Hence, the standardized testing - where all the factors are controlled to give you a number (that is skewed towards the car manufacturer) and do not represent real life usage at all. What they do tell you is if you compare a Corolla number with another manufacturer number; you can determine which one would use less or more fuel for the same factors.

      Some fun reading on the topic - https://www.drive.com.au/news/australias-misleading-fuel-eco...

      • Very interesting article, thanks.

      • Yes, I always look at these as arbitrary fuel consumption units.
        The units you use are completely different and not comparable.
        But you can compare the arbitrary fuel consumption units between makes of car.

    • +2

      I get the same experience on my camry hybrid and stop bothering to calculate it. At the end of the day, you're getting way better economy than the gas guzzlers. Fewer trips to the bowser IMHO = lower chance of getting whatever cancers associated to the fumes.

      It could be due to how people who share your car drive which feeds into the algorithms used to calculate the fuel economy. If someone drives lead footed and doesn't know how to efficiently manage at coasting (i.e. putting a small amount of gas on coasts), then they will use more gas but the computer uses historical data (you driving more efficiently) to get a better rating.

      • i think diesel is the one that gives people cancers / problems

        • +8

          Nah mate, it is oxygen that gives you caner.

          100% of people that have any form of cancer have breathed oxygen.

    • +2


      Past thread for your reading pleasure

      • That’s what I wanted. Thanks!

    • +1

      I use aircon and a little bit of music

      Start humming to yourself and save.

      • Haha, I started not to listen to music and just enjoyed fully pay attention to Pure driving

        • +1

          True story, one time about 25 - 30 years ago I was returning from the snow with a cousin in his V8 Berlina, on the Hume about 50km short of Sydney, when he realised the fuel guage hit zero. We turned off the heater and radio in desperation. Not sure how much it helped but we made it.

          But yes, being in tune with the car can be nice - the sounds, the weight of the steering, the acceleration, etc. - lots to enjoy if you put your mind to it.

    • +1

      You want to compare fuel usage use fuelly https://www.fuelly.com/

      • Very handy, thanks!

    • There’s one surefire way to cut petrol consumption - buy an EV. Otherwise a hybrid corolla is hard to beat.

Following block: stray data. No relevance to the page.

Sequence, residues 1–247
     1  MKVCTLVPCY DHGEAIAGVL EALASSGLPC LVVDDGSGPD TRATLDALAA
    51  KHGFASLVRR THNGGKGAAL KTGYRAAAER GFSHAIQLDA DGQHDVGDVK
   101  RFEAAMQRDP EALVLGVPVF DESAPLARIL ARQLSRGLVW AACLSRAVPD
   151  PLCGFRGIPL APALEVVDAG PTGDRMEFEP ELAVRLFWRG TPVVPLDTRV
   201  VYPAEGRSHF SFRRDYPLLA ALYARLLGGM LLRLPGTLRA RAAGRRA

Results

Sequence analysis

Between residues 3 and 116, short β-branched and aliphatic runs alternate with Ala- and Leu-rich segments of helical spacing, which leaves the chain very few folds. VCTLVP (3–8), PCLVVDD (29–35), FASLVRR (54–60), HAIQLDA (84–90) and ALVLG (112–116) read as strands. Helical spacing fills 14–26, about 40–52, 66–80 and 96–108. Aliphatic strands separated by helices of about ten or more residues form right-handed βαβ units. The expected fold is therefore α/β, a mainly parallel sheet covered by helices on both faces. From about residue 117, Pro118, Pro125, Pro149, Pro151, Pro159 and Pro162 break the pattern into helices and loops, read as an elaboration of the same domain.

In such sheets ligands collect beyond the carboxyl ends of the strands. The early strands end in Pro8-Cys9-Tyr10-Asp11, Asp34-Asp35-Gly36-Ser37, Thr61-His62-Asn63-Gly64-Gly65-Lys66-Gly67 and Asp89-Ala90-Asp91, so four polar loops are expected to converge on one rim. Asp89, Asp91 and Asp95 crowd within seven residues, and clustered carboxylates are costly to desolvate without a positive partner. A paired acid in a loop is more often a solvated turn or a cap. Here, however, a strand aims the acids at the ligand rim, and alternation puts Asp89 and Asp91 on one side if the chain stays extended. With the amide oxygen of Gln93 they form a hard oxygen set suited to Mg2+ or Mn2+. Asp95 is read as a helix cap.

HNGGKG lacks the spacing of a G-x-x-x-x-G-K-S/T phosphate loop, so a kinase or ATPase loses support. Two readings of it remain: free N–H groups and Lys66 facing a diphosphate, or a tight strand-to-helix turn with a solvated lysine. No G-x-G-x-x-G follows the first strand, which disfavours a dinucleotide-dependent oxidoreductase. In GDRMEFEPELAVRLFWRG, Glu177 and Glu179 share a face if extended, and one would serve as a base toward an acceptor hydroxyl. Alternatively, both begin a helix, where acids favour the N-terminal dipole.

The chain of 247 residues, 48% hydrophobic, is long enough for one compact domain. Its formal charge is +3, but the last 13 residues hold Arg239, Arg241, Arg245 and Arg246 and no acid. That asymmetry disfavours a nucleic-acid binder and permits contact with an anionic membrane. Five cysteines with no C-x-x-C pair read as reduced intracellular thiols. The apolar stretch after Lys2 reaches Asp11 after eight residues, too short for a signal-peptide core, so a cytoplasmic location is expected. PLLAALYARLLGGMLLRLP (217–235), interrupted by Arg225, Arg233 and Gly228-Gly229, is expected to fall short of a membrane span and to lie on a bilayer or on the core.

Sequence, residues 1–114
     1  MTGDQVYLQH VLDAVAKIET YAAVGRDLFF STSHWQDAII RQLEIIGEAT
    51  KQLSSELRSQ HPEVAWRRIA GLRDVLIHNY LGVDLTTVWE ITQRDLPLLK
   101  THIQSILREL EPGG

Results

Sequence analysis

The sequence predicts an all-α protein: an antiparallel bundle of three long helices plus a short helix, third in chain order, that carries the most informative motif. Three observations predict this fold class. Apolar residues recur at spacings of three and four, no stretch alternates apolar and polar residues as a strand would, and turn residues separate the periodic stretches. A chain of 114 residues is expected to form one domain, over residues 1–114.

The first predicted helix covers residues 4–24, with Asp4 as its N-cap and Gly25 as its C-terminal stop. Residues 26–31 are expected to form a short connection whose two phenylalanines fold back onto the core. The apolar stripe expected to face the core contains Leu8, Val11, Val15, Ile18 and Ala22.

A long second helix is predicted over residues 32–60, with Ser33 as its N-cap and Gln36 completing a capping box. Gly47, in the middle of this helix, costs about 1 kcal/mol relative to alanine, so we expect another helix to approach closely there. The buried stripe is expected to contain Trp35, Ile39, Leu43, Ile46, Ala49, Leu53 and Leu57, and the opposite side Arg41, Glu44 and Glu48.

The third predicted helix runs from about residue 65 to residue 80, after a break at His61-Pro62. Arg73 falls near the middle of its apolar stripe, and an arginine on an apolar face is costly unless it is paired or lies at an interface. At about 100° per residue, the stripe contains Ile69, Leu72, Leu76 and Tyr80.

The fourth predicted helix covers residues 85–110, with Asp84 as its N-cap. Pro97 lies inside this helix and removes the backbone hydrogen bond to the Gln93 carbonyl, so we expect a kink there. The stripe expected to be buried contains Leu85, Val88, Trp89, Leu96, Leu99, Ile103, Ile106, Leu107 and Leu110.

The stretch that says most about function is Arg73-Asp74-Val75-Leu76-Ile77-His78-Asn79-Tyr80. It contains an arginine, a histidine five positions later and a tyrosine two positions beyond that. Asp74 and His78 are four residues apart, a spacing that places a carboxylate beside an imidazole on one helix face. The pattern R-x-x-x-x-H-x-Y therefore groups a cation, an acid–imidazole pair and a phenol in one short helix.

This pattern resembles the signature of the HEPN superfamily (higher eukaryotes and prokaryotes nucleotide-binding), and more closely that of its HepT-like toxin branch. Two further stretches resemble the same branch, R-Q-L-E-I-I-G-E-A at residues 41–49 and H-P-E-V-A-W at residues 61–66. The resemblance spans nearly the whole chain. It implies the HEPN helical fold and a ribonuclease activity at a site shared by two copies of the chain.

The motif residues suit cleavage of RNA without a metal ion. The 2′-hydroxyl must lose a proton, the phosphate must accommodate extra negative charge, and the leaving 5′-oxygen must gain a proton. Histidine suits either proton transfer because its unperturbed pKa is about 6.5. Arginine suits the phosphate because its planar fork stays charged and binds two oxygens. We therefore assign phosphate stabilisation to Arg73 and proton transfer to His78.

• I have to ask… what on earth does listening to music have to do with fuel mileage? lol

      • Energy has to come from somewhere

        • Yeah, it's called a battery.

          • @KangaDrew: Not sure if serious?

          • -1

            @KangaDrew: Try disconnecting your alternator and see how long your stereo plays for…

            • -1

              @p1 ama: Battery is electrical, it has nothing to do with fuel. It magically gets charged from the electrons flying in the air

          • +1

            @KangaDrew: I bet you think that those hydrogen generators get energy from nowhere as well?

    • +4


    • +1

      Smaller engines work harder.

      My Ford Fiesta is suppose to be 6.1/100km combined but is actually 7.4 with a very light foot.

      Meanwhile my 2014 Toyota Aurion is rated for 9.1L/100km combined yet i get 7.6-7.8L consistently with the same route and driving style as the Fiesta.

      • +1

        Aurions love highways.

      • My landcruiser gets 9.6L/100 I’m pretty happy with that!

    • +1

      2GR is best GR.

    • Could probably get like 9.5l/100km on a mazda 3 if I drove efficiently but most of the time I floor it so its more like 11l/100km.

      Would obviously prefer petrol to be cheaper but I don't care too much.

      • What Mazda 3 is that

        • 2005

    • +4

      5.5 L / 100 Km is still very good compared my older cars, that get like 8-9 L/100 km on mostly city conservative driving.

      Hybrid is increasing your milage,

      and also of course if you use aircon then it will drain milage, you cannot get Best milage with aircon on,

      To get best possible milage, you need to drive conservatively, aircon off, radio of, least electricity used, no carrying of extra weight, use of higher octane unleaded fuel (not e10), and so many more factors.

      Anyway why worrying so much 1 L is at max like $2 more per your 100Km isn't it ? Just for sake of $2 you would sacrifice so much stuff like aircon, music, spend extra on u95/u98 fuel etc, I'd say not worth that much to me.

    • +1

      Radio uses maybe 100w. Engine output is more like 100,000w. If you don’t use the radio, you might save some fuel but it’ll be 0.1%.

  • Model: Toyota Corolla hatchback Hybrid 2019
    Rated: 4.3 L/100km
    Last refuel 5.55 litres per 100km
    It states around 4.5 on the car electronic metre

    I use aircon and a little bit of music
    1/3 highway maybe
    2/3 suburbs

    28% more fuel

  • My car can vary anywhere between 5.5L/100km to 12L/100km depending on where you drive it. I can get over 700KMs per tank on freeways while 300KMs pure city driving. No point comparing, everyones doing different drives.

    • 🤯 that's insane! Didn't realise it could vary that much. What kinda car/engine is it?

      • Audi 2.0T on ron95. I have to say 300KMs per tank is purely lots of heavy traffic PreCovid when I lived and work in the city. The car never go more than 40km/h and average speed around 5-8km/h where each trip the engine oil never get to reach the normal operating temperature. I don't wait till empty light to fill up so I am guessing about ~14L/100km is worst I have driven.

        Btw the numbers are calculated not based on the overly optimistic car computer.

        • If you are only averaging 5-8km/h you’re almost better off walking. Certainly quicker on a scooter or bicycle.